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The Centre for Cellular and Molecular Platforms (C-CAMP), a Dept. of Biotechnology, Govt. of India initiative, considered  one of the most exciting centres for technology-based innovation in India in the field of life sciences. C-CAMP was established with the aim of enabling cutting-edge bio-science research & entrepreneurship. It has created and fostered an entrepreneur-friendly culture in & around nurturing academic environment through its various activities supporting early stage ideas to proof-of concept stage and validation studies for commercialization.

Dr. Taslimarif Saiyed is the CEO of C-CAMP. Dr. Saiyed has a PhD in Neuroscience from Max Planck Institutes, Germany. At C-CAMP, he manages C-CAMP's technology platforms, growth strategies, strategic collaborations for new technology creation, training programmes, entrepreneurship and innovation accelerator unit.


The University of Edinburgh is one of the largest and most successful universities in the UK with an international reputation as a centre of academic excellence. The University is the leading research university in Scotland and is amongst the top ten in the United Kingdom. It is the University's stated aim that it wishes as far as possible to conduct its research and development activities on a trans-national basis. The pooling of research expertise, equipment and database resources contributes to major advances in science, technology and medicine worldwide. The Division of Pathway Medicine is a research centre in the College of Medicine and Veterinary Medicine at the University of Edinburgh. The Division is conducting pioneering research programmes in Infection Medicine, in vitro diagnostics and antimicrobial resistance.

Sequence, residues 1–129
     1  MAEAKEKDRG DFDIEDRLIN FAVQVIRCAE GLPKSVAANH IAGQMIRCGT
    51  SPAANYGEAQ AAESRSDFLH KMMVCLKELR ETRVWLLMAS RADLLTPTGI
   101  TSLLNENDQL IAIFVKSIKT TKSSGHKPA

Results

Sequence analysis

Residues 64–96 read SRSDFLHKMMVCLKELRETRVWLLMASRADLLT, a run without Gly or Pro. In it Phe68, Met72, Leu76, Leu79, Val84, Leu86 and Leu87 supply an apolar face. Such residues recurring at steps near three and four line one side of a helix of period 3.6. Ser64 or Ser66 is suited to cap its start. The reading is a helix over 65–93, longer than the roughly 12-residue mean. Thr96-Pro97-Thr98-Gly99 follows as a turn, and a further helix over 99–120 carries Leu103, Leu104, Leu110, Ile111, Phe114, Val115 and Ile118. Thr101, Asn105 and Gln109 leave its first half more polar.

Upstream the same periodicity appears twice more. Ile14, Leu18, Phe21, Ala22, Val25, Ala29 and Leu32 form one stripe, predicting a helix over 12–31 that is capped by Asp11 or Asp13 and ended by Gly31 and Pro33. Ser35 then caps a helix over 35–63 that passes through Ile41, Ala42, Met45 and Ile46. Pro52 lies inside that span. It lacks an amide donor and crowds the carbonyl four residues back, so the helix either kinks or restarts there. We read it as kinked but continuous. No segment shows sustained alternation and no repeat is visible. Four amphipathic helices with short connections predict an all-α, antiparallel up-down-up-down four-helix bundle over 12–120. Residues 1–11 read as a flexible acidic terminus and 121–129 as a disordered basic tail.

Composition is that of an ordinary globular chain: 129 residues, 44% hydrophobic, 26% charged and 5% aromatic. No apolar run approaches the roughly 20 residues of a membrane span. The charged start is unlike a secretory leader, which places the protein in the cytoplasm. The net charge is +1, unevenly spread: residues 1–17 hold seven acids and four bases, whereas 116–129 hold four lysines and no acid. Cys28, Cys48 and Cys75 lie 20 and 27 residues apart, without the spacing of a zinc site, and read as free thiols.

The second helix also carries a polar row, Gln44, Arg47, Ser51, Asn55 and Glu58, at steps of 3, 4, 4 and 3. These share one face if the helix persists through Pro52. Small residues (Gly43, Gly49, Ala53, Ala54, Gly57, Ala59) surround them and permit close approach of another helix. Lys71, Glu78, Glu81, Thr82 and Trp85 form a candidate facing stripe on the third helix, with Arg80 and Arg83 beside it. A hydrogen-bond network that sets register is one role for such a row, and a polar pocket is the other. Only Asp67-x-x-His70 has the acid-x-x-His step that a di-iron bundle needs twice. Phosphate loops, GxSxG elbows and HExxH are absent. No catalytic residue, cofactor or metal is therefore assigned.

Dr Till Bachmann is a Reader in Personalised Medicine in Infectious Diseases and Deputy Head of the Division of Infection and Pathway Medicine at The University of Edinburgh. He is an expert in point of care detection of infectious diseases and antimicrobial resistance, conducting research at the interface of biomarkers and novel detection modalities. Till fulfils a variety of industrial and institutional advisory roles worldwide, such as being advisor for the Longitude Prize on Antibiotics, judge for the Discovery Award and EU Horizon Prize on Better Use of Antibiotics. He is coordinator of the JPIAMR Working Group on Rapid Diagnostic Tests and founder of AMR DxC, the international Antimicrobial Resistance Diagnostics Challenge competition.


Longitude Prize, a challenge with a prize fund of £10 million, has been launched to help solve one the greatest issues of our time. The prize has been developed and is being run by Nesta, the UK’s innovation foundation. It was launched by the Prime Minister at G8 2014, and is being supported by Innovate UK as funding partner. 300 years on from the original longitude prize, a new prize for a new century has been launched and the winning challenge, as voted by the public, was antibiotics. The antibiotics challenge will be open to anyone to solve with the objective to conserve antibiotics for future generations and revolutionise the delivery of global healthcare. To win the Prize teams need to develop a transformative point of care test that will help identify when antibiotics are needed and, if they are, which ones to use. The test must be accurate, affordable, rapid and easy to use in any location, anywhere in the world. Find out more at Follow on twitter @longitude_prize